Kelly Ripa is best known for her role in All my Children, a soap opera that was aired from 1990-2002. Kelly enjoys a rich extracurricular life outside work to keep her fit. And one of her passions is dance classes. The tricky thing about this sport that one wrong move while dancing can pose a serious foot problem. But was dancing the real cause of Kelly Ripa’s foot condition? According to the doctors who examined her, the foot condition was inherited and not caused by dancing.
What is calcaneonavicular coalition?
Calcaneonavicular coalition or tarsal coalition is referred to as an abnormal connection of two or more tarsal bones in the foot. Connection of the tarsal bones can result in severe, rigid flatfoot. Tarsal coalition is present at birth but children do not show signs of the disorder until the early stage of adolescence.
To learn more about Calcaneonavicular coalition, consult a podiatrist. Dr. John Schilero is a podiatrist who specializes in helping people with foot disorders.
What are some of the causes a tarsal coalition?
- Trauma to the area
- Self-fusion of the joint because of arthritis
- What are the signs and symptoms of calcaneovanicular coalition?
- Tarsal coalitions do not show signs or any obvious foot deformity. When symptoms do occur, they include:
- Increased pain or limp with higher levels of activity
- A rigid, flat foot making the person to walk painfully on uneven surfaces
- Ankle sprains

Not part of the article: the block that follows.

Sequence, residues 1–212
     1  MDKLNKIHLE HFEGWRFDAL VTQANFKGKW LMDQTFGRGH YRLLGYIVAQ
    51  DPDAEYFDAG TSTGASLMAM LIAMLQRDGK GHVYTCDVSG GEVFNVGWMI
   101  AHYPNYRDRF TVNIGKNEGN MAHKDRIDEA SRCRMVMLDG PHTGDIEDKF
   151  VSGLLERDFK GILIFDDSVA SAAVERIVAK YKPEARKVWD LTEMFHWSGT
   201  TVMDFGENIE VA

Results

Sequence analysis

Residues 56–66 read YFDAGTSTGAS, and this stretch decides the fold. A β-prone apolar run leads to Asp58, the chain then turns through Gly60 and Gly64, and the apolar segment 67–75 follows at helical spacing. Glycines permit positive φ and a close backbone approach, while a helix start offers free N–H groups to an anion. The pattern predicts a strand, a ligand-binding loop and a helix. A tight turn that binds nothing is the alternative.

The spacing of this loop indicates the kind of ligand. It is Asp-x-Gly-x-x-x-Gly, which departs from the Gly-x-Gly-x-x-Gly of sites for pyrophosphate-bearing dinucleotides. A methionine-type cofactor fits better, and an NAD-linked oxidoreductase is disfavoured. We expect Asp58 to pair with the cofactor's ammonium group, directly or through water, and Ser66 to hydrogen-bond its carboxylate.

- Stiff, painful feet on back half of the foot.
Treatment for calcaneonavicular coalition
Calcaneonavicular coalitions only requires treatment if they are causing symptoms. Always check with your doctor first
Here are four of the non-surgical treatment:
- Rest. Take a break from any high-impact activity for 3 to 6 weeks to reduce stress on the tarsal bones and to relieve pain too.
- Temporary boot or cast. These will immobilize the foot and take the stress out of the tarsal bones
- Injections. Using of steroid medication in conjunction with other non-surgical options will provide temporary pain relief.
- Orthotics. Using any kind of orthotics such as arch supports, shoe inserts like wedges and heel cups is recommended to reduce and relieve pain.
If non-surgical treatments are not effective, your doctor may consider surgery that will depend on the size and the location of the coalition.
- Resection. This procedure will remove the coalition and will be replaced with fatty or muscle tissues. This surgery preserves normal foot motion and relieves symptoms in most patients successfully.
- Fusion. Joint fusion can treat large or severe coalitions that cause deformity and involves arthritis. The surgery limits the movement of the painful joints and places the bones in the proper location with large screws, and pins.
At Palm Beach Orthopaedic Institute located in West Palm Beach, Palm Beach Gardens, Jupiter and Wellington, we specialize in helping people with foot disorders. To schedule an appointment, call 561-694-7776 EXT. 2112.